Having quite some lava in my current map, I placed a couple orange lights (1 0.4 0.1 or thereabouts in RGB) with a “light” value of 600 each in various lava pools to make them emit a strong orange glow. The lightmap was properly orange, but the actual result was far from orange:
Green walls! How did that happen?
It turns out that the wall colour is a result of multiplying the lightmap with the wall texture, scaling for overbrights, and clamping the end result. The texture in this case is Quake’s standard greyish metal/stone wall, metal4_4. Now if you take a closer look at that texture, you’ll notice it has a lot of blue/grey and a large amount of green pixels in it. It is actually rather green when compared to a real grey texture. It has practically no red.
What happens has to do with a) the existing colors of the wall texture and b) the “clamping” of the light value. The latter clips away any “excess” light value above 255…
Apparently my light setting of 600 was so strong that it amplified the red component of the light (1 0.4 0.1, remember, R G B) so much that it got clipped at 255. However, the green component was also hugely amplified. This made the green component appear relatively stronger than it normally does.
MH explained it like this: The area just seems to be far too bright which is causing the red contribution to clamp at 255 and the green to contibute more than it otherwise would.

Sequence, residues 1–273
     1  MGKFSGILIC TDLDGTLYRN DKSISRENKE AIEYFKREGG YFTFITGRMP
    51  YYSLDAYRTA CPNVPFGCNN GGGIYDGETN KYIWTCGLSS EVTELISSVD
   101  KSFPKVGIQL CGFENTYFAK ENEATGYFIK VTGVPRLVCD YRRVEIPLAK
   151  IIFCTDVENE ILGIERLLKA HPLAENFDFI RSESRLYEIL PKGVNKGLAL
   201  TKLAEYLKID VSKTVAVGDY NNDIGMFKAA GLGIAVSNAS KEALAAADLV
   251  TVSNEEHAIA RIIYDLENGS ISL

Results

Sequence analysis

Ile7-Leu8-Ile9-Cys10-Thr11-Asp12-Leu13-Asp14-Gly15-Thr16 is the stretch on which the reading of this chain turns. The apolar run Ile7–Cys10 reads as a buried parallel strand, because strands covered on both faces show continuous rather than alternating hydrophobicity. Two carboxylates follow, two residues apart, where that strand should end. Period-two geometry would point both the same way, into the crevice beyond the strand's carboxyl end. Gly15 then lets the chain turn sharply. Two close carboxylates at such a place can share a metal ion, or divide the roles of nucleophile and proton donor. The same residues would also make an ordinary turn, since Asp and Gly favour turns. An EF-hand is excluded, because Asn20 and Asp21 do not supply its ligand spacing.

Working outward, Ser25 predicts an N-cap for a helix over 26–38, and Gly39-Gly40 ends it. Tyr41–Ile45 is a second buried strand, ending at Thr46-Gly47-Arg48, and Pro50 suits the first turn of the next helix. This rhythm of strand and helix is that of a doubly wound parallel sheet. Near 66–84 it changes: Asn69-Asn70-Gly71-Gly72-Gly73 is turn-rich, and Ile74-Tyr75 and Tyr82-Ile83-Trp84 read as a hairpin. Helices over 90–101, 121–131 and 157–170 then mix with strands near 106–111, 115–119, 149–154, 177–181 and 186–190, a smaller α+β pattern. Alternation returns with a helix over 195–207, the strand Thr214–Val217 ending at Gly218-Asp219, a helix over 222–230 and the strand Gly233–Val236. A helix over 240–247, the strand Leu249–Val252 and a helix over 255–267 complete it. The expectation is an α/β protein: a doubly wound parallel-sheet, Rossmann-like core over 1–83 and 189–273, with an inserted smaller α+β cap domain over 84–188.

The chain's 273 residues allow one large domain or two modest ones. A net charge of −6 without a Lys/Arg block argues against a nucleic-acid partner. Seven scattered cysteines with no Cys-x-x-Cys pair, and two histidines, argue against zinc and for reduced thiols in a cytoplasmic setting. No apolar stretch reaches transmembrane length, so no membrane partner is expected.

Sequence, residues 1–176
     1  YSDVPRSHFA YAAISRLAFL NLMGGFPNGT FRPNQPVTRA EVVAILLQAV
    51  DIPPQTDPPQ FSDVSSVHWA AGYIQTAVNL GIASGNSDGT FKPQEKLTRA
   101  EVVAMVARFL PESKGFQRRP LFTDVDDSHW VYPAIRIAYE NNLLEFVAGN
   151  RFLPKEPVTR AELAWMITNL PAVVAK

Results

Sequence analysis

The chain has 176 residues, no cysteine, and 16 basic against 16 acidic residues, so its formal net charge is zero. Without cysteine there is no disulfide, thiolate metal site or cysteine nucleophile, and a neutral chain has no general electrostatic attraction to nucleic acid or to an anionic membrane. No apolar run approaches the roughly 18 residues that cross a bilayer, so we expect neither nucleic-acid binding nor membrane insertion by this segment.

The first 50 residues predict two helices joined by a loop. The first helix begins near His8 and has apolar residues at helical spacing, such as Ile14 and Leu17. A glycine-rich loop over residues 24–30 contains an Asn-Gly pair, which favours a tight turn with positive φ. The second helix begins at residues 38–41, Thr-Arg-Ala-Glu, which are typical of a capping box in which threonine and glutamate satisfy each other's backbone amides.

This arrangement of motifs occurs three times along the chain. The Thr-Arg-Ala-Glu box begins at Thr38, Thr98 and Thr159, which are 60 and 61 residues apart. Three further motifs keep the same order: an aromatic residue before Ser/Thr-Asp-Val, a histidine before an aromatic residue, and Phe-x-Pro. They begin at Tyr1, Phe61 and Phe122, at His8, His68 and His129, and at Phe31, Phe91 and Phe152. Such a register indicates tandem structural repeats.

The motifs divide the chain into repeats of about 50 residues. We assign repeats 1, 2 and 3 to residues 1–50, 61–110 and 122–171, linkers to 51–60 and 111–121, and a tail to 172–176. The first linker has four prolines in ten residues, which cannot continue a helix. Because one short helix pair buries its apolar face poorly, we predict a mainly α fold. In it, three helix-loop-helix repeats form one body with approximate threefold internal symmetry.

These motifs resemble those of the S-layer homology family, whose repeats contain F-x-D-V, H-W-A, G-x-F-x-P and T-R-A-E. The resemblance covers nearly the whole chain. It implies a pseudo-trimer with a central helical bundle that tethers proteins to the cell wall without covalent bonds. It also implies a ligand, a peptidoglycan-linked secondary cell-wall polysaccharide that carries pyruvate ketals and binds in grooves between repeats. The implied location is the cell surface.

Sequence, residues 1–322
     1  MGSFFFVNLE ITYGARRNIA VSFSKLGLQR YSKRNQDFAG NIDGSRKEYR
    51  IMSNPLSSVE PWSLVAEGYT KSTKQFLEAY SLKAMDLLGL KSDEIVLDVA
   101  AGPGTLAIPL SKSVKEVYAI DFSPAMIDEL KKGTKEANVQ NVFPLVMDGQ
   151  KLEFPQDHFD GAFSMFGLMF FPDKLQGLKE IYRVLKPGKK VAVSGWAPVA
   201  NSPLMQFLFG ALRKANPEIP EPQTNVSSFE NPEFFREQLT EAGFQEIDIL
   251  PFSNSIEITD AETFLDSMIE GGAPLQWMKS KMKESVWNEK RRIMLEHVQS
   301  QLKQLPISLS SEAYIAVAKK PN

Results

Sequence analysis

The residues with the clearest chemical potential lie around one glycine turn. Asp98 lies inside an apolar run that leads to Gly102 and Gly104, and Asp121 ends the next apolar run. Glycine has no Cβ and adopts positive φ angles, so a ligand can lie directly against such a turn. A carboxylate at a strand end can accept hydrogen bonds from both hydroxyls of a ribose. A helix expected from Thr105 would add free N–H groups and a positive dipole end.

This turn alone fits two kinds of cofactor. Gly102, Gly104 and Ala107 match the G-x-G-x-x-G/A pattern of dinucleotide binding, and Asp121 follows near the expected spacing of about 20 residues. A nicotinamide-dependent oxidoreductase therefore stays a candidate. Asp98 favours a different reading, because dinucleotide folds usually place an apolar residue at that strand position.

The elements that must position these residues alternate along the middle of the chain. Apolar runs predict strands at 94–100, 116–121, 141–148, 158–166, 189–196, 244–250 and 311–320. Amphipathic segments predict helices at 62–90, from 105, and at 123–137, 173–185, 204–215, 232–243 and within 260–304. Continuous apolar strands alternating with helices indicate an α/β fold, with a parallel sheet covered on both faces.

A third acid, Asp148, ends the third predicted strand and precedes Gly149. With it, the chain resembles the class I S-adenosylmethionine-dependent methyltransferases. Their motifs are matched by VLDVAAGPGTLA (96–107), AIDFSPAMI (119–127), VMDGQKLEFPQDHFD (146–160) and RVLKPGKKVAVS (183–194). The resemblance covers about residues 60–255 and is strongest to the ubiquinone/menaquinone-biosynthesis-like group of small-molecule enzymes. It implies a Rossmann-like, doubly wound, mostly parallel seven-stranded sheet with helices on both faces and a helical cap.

On top of that, the wall texture contains lots of blue and green pixels, but practically no red. Again, green gets amplified while red loses out. Spike:
05:58 < Spoike> that texture is mostly blue, right?
05:58 < Spoike> a little green, but no red?
05:59 < Spoike> in which case 0*red = 0, 0.5*green = 0.5 1*blue = 0
05:59 < Spoike> hence green
So how do I avoid the clamping of my red component? By keeping the light value relatively low. This sadly means that if you try to have very bright, high intensity colored lights in GLQuake, nasty color shifts in the wall textures may appear.
So I set the light value way under 200 and that made the color shift disappear. Then, step by step, I went higher. Currently it’s at 200. The downside of this is that your light doesn’t reach as far as a 600 light one and the general impression is less intense. However, you can somewhat make up for this by setting a very low “wait” value. By that I mean, 0.5 or less. A wait of 0.5 will double the falloff distance of the light. I’m currently at 0.4 (!).
Now this is better. I’m using the Quake retexturing Project pk3 there (hi res textures), but you can still compare the rune textures, which are the same. It’s clearly a lot more orange. What happened is that the clamping is avoided, and the falloff distance of the lights is artificially increased.
This does away with most of the sickening green color shift even with the original low-res metal4_4 texture. Learn something new every day. More shots, again using largely QRP textures:
The brighter orange to the front right stems from a few large flame braziers. I might shift that a little more towards white still. But notice the orange in the corridor – it’s the lava beneath. This also looked very green previously.
This area as well – compare this to the screenshots in the Demo #2 announcement below. Again, the greenish tinge is largely gone. I consider this something of a success, but it pissed me off to no end until I slowly lurched closer to the ideal values. Not quite there yet, but better.